peak oil

Rising oil prices in recent years have again raised the question whether worldwide oil production has reached a peak. Various analysts have suggested that the rapid run up in prices indicates that if oil hasn’t yet reached its peak of production, it will do so very soon.

At the same time, though, the world keeps discovering new reserves as higher prices provide incentives to bring more oil onto the market. As the above table demonstrates, the world’s oil reserves have steadily increased in the face of rising consumption.

The Energy Information Administration has reported that “the world production peak for conventionally reservoired crude is unlikely to be ‘right around the corner’ as so many other estimators have been predicting. Our analysis shows that it will be closer to the middle of the 21st century than to its beginning.”

Cambridge Energy Research Associates (CERA) goes beyond the EIA, suggesting that peak oil production may be more than just a few decades away. Its analysts have written: “Those who believe a peak is imminent tend to consider only proven remaining reserves of conventional oil, which they currently estimate at about 1.2 trillion barrels. In the view of many petroleum geologists, this is a pessimistic estimate because it excludes the enormous contribution likely from probable and possible resources, those yet to be found, and plays down the importance of unconventional reserves in the Canadian oil sands, the Orinoco tar belt, oil shale and gas-to-liquid projects. CERA believes the global inventory is some 4.8 trillion barrels, of which about 1.08 trillion barrels have been produced, leaving 3.72 trillion conventional and unconventional barrels, an order of magnitude that will allow productive capacity to continue to expand well into this century.”

Between 2000 and 2006 in the United States, discoveries of new oil fields have added 2,956 million barrels to U.S. reserves, only 456 million barrels fewer than those from discoveries in the 1980s and 1990s combined. This has occurred despite the fact that areas estimated to hold 32 billion barrels remain off limits because of political (not economic) constraints. The discoveries of new oil fields illustrate how U.S. federal and state policies have affected domestic petroleum supplies in this country. Most of those new oil discoveries have come in the few deepwater tracks where the federal government has allowed exploration. Since 1982, though, Congress has enacted moratoria to prevent offshore oil exploration and development off of most of the continental shelf. It also has restricted development of new oil fields in Alaska and keeps threatening domestic oil companies with higher taxes on their profits and more taxes on any oil they discover and extract.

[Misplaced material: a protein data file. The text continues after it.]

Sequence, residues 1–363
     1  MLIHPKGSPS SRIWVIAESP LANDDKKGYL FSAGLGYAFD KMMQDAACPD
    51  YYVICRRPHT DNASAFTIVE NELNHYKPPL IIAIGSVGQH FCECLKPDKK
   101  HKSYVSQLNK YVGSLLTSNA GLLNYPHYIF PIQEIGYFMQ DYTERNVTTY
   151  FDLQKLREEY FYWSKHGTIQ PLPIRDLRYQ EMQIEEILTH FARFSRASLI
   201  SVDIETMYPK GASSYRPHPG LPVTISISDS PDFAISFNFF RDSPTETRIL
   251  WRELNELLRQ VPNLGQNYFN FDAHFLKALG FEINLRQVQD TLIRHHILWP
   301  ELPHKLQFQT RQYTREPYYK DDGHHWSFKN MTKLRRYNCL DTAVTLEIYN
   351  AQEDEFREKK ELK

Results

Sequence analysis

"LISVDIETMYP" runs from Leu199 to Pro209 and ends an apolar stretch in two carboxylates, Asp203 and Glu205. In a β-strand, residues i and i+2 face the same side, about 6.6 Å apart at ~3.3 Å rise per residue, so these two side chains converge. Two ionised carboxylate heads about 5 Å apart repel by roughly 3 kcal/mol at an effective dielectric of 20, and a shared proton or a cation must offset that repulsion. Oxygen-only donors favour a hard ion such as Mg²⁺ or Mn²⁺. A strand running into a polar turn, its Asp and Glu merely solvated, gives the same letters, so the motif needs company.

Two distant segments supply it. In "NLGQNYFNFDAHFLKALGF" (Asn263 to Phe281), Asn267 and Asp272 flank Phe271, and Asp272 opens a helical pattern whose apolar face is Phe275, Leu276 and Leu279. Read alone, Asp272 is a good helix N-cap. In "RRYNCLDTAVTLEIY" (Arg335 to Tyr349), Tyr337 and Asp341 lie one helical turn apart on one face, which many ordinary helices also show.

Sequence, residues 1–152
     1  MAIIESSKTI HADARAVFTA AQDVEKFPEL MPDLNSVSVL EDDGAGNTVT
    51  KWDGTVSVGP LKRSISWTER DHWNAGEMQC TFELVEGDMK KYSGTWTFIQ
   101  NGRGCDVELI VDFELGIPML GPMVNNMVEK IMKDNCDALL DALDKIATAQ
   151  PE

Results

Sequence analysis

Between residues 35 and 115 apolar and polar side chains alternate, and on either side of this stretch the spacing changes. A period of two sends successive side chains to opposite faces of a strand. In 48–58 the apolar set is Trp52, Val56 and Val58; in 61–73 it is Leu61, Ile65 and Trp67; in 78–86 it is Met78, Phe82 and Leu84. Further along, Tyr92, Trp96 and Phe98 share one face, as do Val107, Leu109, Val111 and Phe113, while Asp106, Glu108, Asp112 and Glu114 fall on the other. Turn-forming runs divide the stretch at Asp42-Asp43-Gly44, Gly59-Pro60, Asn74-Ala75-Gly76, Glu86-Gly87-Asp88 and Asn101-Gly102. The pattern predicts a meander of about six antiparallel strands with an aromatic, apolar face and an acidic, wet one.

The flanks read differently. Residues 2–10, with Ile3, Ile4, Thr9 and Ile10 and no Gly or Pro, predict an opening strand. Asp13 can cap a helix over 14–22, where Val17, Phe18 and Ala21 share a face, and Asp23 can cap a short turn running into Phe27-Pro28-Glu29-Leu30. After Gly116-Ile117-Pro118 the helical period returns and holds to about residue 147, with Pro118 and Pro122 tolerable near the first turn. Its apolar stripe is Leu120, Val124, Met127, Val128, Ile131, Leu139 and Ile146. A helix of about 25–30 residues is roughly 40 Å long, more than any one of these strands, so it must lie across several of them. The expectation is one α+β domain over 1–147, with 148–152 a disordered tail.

So why the higher prices? Rapidly increasing demand ahead of new production and development is the primary reason. For instance, in 2007, world liquids demand was 85.7 million barrels per day, while world liquids supply was 84.6 million barrels per day, resulting in a stock drawdown of 1.1 million barrels per day. Supplies will need to exceed demand in the near future to restore petroleum stocks, or prices will remain high.

Why hasn’t production kept pace? As the Aspen Institute has noted, “It’s not a question of what exists below the ground, but the adequacy of the investment environment above ground and the progress made on demand reduction that will lead to wise choices.” This study points out that governments and “government controlled entities” have taken control out of the hands of market forces and consumers, thus reducing the ability of energy markets to meet the needs of consumers.

National oil companies now dominate the world market and control most of the world’s oil reserves. Private multinational oil companies now possess only about 8% of world reserves.

But it isn’t just the major oil producing nations of OPEC and their national oil companies that deter oil production and development. Western governments, including the United States, have pursued policies that have reduced incentives for new oil and gas developments.

There is no technological or natural reason for oil production to peak anytime in the near future. The world has centuries’ worth of ultimately recoverable petroleum reserves, so long as government policies provide a framework conducive to long-run investment in infrastructure and new techniques.

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